The Walkie-Talkie building, infamous for melting cars, has one of the UK’s largest green walls, to the South side of the building, facing North. I designed this wall as my last commission for Biotecture, the living wall company I conceived and co-founded. They were in turn commissioned by Willerby Landscapes.
Early Sketch of layout
The final layout and planting plan
The design went through many permutations but in principal I wanted to use the wall size to create a banded horizontal wave pattern, each band consisting of a matrix of similar plant types. Some smaller areas of single-species plants were also included as these would be better defined by the contrast.
A detail of the wall living wall design to 20 Fenchurch Street, by MLD
Plants were chosen with a wide mix of Natives – at least 12 species – 9 groups of the aforementioned matrix planting and a number of single species groups and clumps, such as Luzula sylvatica (native woodrush) or Polystichum aculaetum (hard shield fern).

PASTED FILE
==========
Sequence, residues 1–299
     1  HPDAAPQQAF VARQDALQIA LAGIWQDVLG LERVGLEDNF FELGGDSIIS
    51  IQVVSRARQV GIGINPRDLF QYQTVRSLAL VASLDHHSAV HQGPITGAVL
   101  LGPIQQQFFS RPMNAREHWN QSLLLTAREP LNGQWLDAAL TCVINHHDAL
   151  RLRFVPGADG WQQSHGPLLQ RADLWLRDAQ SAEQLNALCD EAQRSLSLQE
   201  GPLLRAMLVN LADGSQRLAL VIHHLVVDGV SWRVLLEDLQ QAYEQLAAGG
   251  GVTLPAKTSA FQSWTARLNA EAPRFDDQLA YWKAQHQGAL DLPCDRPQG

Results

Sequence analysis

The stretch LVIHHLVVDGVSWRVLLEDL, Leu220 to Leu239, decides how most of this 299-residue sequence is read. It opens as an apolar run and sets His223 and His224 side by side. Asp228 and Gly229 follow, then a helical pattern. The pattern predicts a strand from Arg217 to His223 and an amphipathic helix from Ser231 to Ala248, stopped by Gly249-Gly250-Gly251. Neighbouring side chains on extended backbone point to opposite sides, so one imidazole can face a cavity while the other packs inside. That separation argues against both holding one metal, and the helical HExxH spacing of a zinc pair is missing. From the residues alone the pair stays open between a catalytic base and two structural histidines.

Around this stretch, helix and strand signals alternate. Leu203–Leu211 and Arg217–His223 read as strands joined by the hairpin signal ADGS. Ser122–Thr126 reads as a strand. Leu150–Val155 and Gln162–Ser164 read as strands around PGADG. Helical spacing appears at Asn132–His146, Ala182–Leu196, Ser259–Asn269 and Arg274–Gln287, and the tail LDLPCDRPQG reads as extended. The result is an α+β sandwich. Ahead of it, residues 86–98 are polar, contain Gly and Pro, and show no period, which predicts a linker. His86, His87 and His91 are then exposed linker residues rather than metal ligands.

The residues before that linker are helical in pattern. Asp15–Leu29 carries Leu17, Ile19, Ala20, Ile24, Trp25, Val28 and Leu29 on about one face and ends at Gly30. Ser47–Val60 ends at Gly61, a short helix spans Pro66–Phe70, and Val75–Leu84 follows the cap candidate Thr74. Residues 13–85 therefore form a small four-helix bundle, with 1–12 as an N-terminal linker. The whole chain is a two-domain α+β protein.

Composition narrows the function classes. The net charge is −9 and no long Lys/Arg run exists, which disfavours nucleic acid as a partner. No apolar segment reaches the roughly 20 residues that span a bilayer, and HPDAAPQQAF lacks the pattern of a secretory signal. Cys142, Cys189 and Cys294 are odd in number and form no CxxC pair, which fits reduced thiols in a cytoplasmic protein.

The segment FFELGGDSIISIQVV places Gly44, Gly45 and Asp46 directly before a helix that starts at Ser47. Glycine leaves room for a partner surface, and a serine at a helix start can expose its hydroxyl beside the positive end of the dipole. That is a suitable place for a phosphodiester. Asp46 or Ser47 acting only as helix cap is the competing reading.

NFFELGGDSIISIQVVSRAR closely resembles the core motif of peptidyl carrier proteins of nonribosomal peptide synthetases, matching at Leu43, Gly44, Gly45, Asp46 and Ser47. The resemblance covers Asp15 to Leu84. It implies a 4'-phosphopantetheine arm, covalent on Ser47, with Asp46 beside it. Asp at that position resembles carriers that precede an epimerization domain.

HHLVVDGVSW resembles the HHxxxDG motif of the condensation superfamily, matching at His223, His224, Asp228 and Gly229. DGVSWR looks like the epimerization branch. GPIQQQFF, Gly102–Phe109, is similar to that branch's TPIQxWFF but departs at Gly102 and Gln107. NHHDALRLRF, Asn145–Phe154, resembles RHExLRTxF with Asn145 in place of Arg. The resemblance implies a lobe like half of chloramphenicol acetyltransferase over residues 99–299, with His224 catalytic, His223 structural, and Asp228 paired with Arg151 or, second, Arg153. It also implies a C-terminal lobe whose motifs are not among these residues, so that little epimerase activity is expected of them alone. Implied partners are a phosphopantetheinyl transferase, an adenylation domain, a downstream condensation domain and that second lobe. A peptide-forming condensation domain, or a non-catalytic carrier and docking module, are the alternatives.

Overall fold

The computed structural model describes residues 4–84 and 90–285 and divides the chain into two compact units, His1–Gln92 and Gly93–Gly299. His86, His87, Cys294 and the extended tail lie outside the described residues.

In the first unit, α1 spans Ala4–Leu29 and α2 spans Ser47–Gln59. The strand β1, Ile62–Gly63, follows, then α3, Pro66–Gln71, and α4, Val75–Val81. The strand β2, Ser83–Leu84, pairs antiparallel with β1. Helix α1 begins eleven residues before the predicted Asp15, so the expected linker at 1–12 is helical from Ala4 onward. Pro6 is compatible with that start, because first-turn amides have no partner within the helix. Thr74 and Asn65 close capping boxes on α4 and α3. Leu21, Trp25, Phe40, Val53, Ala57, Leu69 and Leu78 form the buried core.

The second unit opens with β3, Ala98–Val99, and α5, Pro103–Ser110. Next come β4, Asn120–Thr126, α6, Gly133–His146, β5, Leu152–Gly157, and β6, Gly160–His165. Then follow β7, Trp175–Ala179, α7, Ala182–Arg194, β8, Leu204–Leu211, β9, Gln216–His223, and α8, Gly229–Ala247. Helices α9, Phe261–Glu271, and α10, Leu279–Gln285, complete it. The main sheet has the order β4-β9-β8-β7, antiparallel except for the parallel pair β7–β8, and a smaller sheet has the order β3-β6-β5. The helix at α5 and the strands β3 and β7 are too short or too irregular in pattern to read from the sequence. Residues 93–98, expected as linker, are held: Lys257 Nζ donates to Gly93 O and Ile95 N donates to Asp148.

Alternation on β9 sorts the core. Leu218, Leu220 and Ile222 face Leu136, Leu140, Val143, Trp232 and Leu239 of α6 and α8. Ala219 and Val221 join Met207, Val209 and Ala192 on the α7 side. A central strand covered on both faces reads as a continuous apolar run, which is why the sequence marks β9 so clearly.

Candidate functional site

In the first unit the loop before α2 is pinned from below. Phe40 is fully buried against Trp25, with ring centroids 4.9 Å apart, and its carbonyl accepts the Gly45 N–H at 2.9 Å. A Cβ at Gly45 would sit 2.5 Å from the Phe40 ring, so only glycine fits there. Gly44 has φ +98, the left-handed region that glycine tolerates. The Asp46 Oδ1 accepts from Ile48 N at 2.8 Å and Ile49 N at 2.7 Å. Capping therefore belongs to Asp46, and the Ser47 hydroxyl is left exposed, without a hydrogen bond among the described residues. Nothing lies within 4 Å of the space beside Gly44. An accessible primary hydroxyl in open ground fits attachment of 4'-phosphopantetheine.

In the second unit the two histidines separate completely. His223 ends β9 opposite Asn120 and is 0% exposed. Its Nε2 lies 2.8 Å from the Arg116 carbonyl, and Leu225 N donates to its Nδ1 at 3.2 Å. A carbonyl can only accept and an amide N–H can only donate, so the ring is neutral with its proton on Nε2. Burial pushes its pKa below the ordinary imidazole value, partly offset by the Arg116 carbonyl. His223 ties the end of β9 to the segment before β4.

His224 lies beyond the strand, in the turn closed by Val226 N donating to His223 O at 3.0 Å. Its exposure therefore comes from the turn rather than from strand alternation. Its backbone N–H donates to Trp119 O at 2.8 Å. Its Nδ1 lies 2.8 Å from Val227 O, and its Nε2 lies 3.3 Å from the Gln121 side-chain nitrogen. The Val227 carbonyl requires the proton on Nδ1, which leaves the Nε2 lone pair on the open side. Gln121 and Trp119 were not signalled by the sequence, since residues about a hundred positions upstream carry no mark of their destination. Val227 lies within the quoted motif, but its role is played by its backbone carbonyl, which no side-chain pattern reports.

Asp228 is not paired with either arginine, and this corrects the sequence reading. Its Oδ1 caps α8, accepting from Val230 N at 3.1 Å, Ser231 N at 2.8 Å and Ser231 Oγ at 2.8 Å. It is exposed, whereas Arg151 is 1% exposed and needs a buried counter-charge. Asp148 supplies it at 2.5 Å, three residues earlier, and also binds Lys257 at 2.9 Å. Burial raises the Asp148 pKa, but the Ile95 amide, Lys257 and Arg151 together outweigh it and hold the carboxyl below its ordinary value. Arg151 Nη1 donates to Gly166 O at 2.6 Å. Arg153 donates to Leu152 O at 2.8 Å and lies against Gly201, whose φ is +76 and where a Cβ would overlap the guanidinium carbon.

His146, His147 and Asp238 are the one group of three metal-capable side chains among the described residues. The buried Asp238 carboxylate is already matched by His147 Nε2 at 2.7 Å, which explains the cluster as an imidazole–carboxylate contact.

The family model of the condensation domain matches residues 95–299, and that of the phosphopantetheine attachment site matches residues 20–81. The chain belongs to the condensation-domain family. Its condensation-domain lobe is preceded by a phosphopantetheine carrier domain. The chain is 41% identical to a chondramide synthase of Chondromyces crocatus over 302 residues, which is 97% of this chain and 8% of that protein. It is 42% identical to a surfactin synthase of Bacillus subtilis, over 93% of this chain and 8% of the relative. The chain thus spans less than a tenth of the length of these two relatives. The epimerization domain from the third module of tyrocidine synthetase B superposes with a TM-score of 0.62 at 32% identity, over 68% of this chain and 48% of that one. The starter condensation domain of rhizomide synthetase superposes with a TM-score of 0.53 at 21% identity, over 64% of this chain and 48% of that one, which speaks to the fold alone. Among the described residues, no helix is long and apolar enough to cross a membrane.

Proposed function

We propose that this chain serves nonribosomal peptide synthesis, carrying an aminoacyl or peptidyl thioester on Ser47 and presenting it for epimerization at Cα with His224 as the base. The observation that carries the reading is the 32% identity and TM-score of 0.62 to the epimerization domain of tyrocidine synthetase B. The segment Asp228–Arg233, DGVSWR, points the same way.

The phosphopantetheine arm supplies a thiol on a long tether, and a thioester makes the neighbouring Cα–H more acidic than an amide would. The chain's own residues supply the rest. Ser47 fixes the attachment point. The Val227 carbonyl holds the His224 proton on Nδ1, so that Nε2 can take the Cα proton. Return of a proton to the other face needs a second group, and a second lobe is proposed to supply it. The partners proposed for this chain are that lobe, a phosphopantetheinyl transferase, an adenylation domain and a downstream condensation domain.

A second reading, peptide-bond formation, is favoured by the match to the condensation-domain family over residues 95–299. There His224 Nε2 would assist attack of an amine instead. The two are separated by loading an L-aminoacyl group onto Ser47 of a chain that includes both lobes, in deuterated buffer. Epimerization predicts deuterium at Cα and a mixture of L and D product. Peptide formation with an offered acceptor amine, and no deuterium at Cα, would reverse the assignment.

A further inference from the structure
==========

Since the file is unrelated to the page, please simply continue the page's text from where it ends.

The lower bands were much smaller than the upper bands, to give the best visual aspect to those at street level and to bring things to a human scale. The layout design was simple, the plant groupings and textural contrasts more complex. Time will tell if they work out as planned!
Installation seems to be happening in stages, as the building works complete. the photo below was taken in July.
Fenchurch Street Living Wall being installed July 2014
Posted in Biophilia, Design, Ecosystem Services, Environment, Green walls, living walls, Vertical Greening Tagged with: 20 Fenchurch Street, green walls, living walls, Vertical Landscapes, Walkie-Talkie Building